People who have one or more disabilities make up about 9% of academic scientists, according to a recent report on women, minorities, and people with disabilities from the National Center for Science and Engineering Statistics at the National Science Foundation.

Jay Dolmage, PhD, founding editor of the Canadian Journal of Disability Studies and author of “Academic Ableism,” spoke during the session “Ableism in Graduate Education” at the American Association of Veterinary Medical Colleges annual meeting, held March 4-6.

“Wherever you teach, your campus is full of stairs,” Dr. Dolmage said during the keynote. “The steps have something to say. Access to the university is a movement upward, and only the truly fit survive the climb.”

Condensed from June 15, 2021, JAVMA News

CLINICS SEE ANNUAL GROWTH IN REVENUE, VISITS

Growth continues for veterinary clinics, according to the Veterinary Industry Tracker from analytics company VetSuccess and the AVMA, which monitors daily revenue and visits across thousands of veterinary practices.

As of March 1, year-over-year revenue increased, on average, 9.1%, and patient visits increased 3.0%. Revenue increased in every category except that revenue for boarding and grooming and for over-the-counter medicines remained flat.

Pet owners are saying yes to getting more products and services during their visits. The number of line items per visit increased 7.22%, said Katie McClean, managing director of VetSuccess. She and Matthew J. Salois, PhD, chief economist for the AVMA, spoke during the AVMA Axon webinar “Exploring industry trends of today and tomorrow” on April 30.

McClean said the amount that owners are paying for products and services also went up about 10%. VetSuccess hopes to dig more into which products and services those are exactly and whether clinics have seen an increase in the number of visits per patient.

And while practices have increased prices, which contributes to greater revenue, McClean said, the increase in prices wasn't as important a factor as the average service revenue. VetSuccess also hopes to find more information in this area soon.

When looking at whether certain clients are contributing more to increased revenue, McClean said, “We found that no one group or type is contributing a higher proportion than any other type. Active clients, lapsed, lapsing, and new are all pretty consistent across the board post–March 2020.”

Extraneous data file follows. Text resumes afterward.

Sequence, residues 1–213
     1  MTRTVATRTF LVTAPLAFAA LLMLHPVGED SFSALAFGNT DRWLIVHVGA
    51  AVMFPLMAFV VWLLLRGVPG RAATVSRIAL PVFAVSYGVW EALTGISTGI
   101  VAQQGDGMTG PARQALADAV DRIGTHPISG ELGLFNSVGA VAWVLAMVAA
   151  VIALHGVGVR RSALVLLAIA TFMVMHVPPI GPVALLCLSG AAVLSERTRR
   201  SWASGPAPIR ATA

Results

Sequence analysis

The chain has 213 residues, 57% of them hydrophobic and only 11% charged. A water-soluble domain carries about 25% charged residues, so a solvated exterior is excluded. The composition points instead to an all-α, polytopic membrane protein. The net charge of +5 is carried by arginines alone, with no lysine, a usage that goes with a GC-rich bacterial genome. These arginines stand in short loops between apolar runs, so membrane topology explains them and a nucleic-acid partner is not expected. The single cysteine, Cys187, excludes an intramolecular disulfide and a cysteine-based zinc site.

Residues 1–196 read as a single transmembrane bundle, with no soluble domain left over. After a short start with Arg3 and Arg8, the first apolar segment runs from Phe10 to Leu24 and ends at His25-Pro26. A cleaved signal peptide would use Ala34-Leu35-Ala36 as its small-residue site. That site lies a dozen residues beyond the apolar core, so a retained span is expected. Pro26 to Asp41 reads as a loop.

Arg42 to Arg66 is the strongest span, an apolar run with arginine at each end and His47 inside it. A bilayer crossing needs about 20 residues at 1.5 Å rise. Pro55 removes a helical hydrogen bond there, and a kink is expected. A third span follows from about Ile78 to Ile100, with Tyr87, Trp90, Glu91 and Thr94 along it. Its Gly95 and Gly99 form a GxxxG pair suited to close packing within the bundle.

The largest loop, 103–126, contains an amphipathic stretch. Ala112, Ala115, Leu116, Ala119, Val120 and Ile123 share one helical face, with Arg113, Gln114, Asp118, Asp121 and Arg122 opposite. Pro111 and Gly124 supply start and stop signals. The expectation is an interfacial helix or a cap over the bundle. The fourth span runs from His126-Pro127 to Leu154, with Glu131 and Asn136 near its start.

Condensed from June 15, 2021, JAVMA News

VETERINARY STUDENTS, FACULTY MEMBERS ADMINISTER COVID-19 VACCINES

A number of veterinary students, residents, and faculty and staff members at Iowa State University College of Veterinary Medicine were trained to administer COVID-19 vaccines to humans. About 30 people from the veterinary college volunteered for the training to be vaccinators at ISU mass vaccination clinics.

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Monique Reid, then a fourth-year veterinary student, practices performing a vaccination on a mannequin human arm at the Iowa State University College of Veterinary Medicine. (Photo by Christopher Gannon/Iowa State University)

Citation: American Journal of Veterinary Research 82, 7; 10.2460/ajvr.82.7.520

Abigail Swanson, then a fourth-year student, said the training, which is offered by personnel from ISU, included a CPR certification course, practicing injections with mannequin arms, and learning safe needle practices.

“I did not expect to have as much fun as I did,” Swanson said about the vaccination clinics. She volunteered twice. “I didn't know how I would react to dealing with humans rather than animals, but it was busy and moved smooth. I have a minor interest in public health, and I figured that this would be a good opportunity, and now I can tell people that I helped in a major way with the pandemic.”

Dr. Dan Grooms, dean of the ISU veterinary college, was trained to administer COVID-19 vaccines, too. He said volunteering with COVID-19 vaccination programs is a way that the veterinary profession is helping during the pandemic.

“This is another great example of how veterinarians are a part of the response to an issue such as this,” Dr. Grooms said. “It's one health.”